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The term "mangrove" refers to a group of resilient, salt-tolerant tropical plants that are typically found along the coast and in swampy areas. Mangroves are truly incredible, as they are adapted to thrive in conditions which would kill most other plants.


In Grenada, there are three main types of mangroves, along with one associated species:

1. Red Mangrove (Rhizophora mangle)

2. Black Mangrove (Avicennia germinans)

3. White Mangrove (Laguncularia racemosa)

4. Buttonwood (Conocarpus erectus)

















































Importance of Mangroves:

  • As trees, mangroves help remove Carbon Dioxide from the atmosphere. However, mangroves actually sequester about 6x as much Carbon Dioxide as regular trees, and so help to slow down the phenomenon of Global Warming.

  • Mangrove forests, where they live on the border of land and sea, are crucial players in coastal protection. Along with coral reefs, they break the energy of waves and storms, acting as en effective buffer. In doing so, they prevent damage to and loss of property and life in coastal areas. Additionally, their dense root systems trap sediment on its way to the sea, accumulating the material and stabilizing the coast while also protecting corals from excessive sedimentation.

  • Mangrove swamps can act as "sponges" in time of flood by absorbing all the excess water and releasing it slowly. This protects coastal communities from flood damage during the wet or storm season. This ability to absorb water also means that mangroves adjust to sea level rise, once again keeping coastal communities safe.

  • Another shared function with reefs is the provision of a breeding ground and nursery for many species of fish. When young, marine creatures - including fish, crabs and shrimp - take shelter among mangroves roots as they grow. Worldwide fisheries - which supports thousands of communities both directly and indirectly - depend on this service provided by mangroves and reefs.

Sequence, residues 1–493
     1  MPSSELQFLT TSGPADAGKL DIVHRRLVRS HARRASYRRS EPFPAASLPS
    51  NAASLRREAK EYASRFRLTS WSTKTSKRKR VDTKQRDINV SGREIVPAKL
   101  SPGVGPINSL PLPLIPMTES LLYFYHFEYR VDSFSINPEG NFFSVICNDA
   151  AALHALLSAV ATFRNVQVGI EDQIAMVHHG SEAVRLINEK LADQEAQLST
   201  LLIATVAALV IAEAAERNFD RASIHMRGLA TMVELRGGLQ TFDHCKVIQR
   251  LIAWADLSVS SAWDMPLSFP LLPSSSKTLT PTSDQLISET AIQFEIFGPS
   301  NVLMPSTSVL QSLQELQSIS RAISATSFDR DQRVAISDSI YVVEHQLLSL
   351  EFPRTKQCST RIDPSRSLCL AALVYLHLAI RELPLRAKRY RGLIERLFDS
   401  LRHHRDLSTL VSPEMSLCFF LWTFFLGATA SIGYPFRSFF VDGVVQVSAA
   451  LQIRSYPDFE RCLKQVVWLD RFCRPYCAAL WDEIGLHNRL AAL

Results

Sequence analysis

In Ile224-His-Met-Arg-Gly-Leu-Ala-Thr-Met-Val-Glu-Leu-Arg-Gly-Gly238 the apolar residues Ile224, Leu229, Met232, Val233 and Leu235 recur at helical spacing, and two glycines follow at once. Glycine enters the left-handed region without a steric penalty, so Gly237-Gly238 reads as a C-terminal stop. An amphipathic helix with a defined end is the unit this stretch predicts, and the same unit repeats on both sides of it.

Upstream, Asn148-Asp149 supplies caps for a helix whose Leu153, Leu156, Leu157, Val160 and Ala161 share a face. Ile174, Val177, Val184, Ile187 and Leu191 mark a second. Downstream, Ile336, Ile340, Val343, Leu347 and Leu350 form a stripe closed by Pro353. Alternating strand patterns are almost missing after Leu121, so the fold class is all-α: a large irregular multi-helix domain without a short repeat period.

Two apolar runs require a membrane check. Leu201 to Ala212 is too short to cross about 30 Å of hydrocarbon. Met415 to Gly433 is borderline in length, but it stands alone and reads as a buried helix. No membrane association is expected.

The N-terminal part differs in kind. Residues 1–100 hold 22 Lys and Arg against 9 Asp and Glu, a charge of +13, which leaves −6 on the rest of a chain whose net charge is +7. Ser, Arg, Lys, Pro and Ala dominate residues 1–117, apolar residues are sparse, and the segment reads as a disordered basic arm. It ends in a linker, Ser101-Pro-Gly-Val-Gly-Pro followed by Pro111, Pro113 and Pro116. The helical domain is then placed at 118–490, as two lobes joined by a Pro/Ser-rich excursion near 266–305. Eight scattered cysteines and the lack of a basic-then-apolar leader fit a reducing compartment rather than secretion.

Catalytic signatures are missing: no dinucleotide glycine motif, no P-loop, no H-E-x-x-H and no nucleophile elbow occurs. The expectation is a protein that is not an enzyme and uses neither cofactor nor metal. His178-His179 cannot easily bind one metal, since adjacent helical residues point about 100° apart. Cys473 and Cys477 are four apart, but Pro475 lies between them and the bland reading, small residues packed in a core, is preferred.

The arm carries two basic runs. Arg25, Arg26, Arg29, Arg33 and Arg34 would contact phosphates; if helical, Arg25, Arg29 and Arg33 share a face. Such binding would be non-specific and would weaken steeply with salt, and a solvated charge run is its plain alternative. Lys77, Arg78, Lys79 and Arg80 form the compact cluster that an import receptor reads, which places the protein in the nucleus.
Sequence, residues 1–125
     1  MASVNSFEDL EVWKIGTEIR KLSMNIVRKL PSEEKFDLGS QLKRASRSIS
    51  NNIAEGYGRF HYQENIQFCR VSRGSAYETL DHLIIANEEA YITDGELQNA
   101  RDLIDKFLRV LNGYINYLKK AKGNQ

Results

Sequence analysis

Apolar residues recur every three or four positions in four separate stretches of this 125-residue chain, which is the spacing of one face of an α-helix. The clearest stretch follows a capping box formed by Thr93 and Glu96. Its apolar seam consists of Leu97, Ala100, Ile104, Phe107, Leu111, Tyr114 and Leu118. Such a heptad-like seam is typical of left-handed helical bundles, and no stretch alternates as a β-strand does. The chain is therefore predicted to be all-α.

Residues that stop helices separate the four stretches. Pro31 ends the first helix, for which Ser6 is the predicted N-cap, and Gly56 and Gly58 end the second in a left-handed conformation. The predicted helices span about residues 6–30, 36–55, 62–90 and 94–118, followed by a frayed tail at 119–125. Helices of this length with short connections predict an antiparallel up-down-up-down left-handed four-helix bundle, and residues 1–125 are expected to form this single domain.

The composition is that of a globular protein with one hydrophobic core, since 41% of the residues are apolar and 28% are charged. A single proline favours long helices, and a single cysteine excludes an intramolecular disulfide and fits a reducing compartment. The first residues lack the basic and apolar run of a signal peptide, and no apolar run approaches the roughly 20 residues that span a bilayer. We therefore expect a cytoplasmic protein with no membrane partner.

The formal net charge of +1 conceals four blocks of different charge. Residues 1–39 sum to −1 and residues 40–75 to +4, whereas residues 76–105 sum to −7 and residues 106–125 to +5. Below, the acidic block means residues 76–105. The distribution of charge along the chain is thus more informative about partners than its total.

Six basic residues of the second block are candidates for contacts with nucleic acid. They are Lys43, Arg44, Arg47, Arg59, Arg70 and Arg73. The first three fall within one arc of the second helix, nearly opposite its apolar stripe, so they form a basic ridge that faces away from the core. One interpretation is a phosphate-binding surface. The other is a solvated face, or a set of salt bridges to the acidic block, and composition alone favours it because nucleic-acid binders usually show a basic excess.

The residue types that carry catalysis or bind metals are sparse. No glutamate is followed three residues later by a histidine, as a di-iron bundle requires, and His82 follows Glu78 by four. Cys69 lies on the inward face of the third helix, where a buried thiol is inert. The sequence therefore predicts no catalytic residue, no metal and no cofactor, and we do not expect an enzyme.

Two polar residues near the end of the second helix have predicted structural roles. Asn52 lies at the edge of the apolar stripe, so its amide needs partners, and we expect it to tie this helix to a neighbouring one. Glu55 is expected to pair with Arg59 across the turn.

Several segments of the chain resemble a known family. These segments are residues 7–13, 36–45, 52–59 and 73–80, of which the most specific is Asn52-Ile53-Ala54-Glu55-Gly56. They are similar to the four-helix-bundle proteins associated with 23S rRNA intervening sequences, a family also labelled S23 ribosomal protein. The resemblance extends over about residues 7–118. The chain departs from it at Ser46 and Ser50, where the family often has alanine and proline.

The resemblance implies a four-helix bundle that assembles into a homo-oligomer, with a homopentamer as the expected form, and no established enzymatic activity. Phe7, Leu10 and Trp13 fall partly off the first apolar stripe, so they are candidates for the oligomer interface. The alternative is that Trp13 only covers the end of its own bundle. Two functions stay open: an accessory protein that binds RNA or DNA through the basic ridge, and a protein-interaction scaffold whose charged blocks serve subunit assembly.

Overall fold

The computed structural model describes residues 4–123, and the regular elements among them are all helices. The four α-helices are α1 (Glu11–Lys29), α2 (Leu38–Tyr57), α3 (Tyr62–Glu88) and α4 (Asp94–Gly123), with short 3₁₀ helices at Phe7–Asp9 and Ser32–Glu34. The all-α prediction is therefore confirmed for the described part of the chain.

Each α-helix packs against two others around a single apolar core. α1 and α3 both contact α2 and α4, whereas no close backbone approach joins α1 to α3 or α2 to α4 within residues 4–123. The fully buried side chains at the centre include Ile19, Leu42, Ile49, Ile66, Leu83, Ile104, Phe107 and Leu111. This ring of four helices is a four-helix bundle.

• Mangrove ecosystems are extremely biodiverse. They are home to many species of insects and aquatic cretaures as well as a plethora of birds. Thus, mangrove sites tend to be prime bird-watching locations, and so contribute to eco-tourism.

  • Mangrove wood is very resistant to insects and the elements and thus is a valuable building material for indigenous communities.

  • The leaves and fruits of certain species of mangrove have been used as a food source by indigenous peoples.


Our Projects related to Mangroves:




At Water's Edge (AWE)


Woburn Mangrove Restoration

Other sources of information on Mangroves:


Mangrove Action Project (MAP)


Mangrove Action Project YouTube


World Wildlife Fund 

Red Mangrove

  • found closest to the sea

  • characterized by its reddish "prop roots" which anchor it in the watery sand/soil

  • have torpedo-like seedlings, called propagules, which drop from the tree and can float for up to a year before anchoring in soil

Black Mangrove

  • found above the high tide mark as they are less salt-tolerant than red mangroves

  • characterized by long pencil-like breathing roots, called pneumatophores, which cluster around the tree

  • named after the dark, scaly bark and the black wood of the tree

White Mangrove

  • least salt-tolerant

  • thick, scaly, reddish bark

  • characterized by clustered, green, ribbed fruit

  • may develop peg roots (shorter, thicker pneumatophores)


  • not considered a "true mangrove"

  • found in upland transitional areas

  • characterized by its small, button-like flowers/fruits

Threats to Mangroves:

  • Natural

    • Climate change

    • Changes in river flow, which affect salinity 

    • Damage to coral reefs

  • Human

    • Deforestation for other land uses

    • Coastal Development

    • Overfishing

    • Overharvesting for construction, charcoal or fires

    • Oversedimentation from improper farming practices or deforestation upstream 

    • Pollution from inland or nearby industrial activity (as with the Clarke's Court factory in Woburn)

    • Littering and dumping in swamps

    • Damming and diversion of rivers

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